Giacomo Laghetto is spending 3 months in Albania for his thesis research about the HyMo (Hydro-Morphological) characterization of the Vjosa river. At the beginning of his experience, he spent a month in  in Tirana, the capital city of Albania, collecting data and information about the river system, then he moved to Permet, another city along the river, and now he’s currently in Vlora. There, Giacomo is supported by the Polytechnic of Tirana, CELIM Shqipëri, and Cesvi Albania.

Why does he choose this river for his thesis research?

The answer is very simple: Vjosa river is one of Europe’s last living wild rivers. Unconfined riverbed conditions are established for most of its floodplain, and so its tributaries. This unrivaled circumstance contributes to the flourish development of “beautiful canyons, braided river sections, islands, oxbows and meandering stretches“.  A curiosity, the river is not named Vjosa for its entire course: its spring is in Greek territory, thus, for its first Greek 80 kilometres, is named Aoos. However, the research of Giacomo is focused on the Albanian branch of the river.

Which goals?

He identifies three main goals:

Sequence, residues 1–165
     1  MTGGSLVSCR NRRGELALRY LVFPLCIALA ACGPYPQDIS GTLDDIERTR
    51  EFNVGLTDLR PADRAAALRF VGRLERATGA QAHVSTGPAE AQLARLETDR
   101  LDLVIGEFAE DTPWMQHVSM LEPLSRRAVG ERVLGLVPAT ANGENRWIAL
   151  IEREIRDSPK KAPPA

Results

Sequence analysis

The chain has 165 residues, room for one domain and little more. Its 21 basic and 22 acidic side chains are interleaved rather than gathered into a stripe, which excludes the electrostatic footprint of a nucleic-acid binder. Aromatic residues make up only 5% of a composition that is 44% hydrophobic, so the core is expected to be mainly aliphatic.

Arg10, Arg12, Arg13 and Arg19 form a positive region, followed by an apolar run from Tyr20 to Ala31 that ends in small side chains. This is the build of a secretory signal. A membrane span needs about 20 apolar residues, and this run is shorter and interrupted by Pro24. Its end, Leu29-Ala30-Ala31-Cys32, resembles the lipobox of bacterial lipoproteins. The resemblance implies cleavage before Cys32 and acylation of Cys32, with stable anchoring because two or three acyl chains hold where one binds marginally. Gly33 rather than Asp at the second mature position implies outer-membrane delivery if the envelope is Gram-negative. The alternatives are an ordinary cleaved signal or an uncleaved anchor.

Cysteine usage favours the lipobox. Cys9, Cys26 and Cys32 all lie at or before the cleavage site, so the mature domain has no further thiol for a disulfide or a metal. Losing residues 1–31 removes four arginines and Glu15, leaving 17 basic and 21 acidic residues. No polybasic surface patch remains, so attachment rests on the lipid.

1.  the evaluation of the MQI (Morphological Quality Index) to frame the main river network;
  2. the experimentation of a new methodology for collecting flow data in Albania;
  3. the analysis of a downstream reach from Kalivac to Pocem, particularly interesting because of the construction of two HPPs (Hydro-Power Plant).

Which activities?

The first goal is being carried out through the IDRAIM procedure (ISPRA, 2014). In order to pursue the second objective, a field-activities campaign is conducted combining the use of SVR instrumentation on a cross section with a topographic survey in the same section. Concerning the third one, a Sentinel-2 satellite imageries analysis is conducted and, thanks to the extraction of some morphological parameters, the river morphological behavior at short temporal scale (trajectories of the river) is going to be found out.

In a nutshell:

The case of the Vjosa river in Albania is interesting because it involves many different stokeholders: what to do with the river? How to regulate its exploitation? How to preserve the eco-system and the eco-services? On one hand, there are HPPs and energy production that face with huge sediment transport and short service life of the power stations, on the other hand the environmental and social hydropower impacts, strongly denounced by local activists which claim how biodiversity, tourism and local communities would suffer for this possible change in river services.
This work could be useful for the implementation of the future “river plan”, an agreement promoted by local authorities and Italian NGOs which aims to guarantee the adequate river ecosystem services for the next years.


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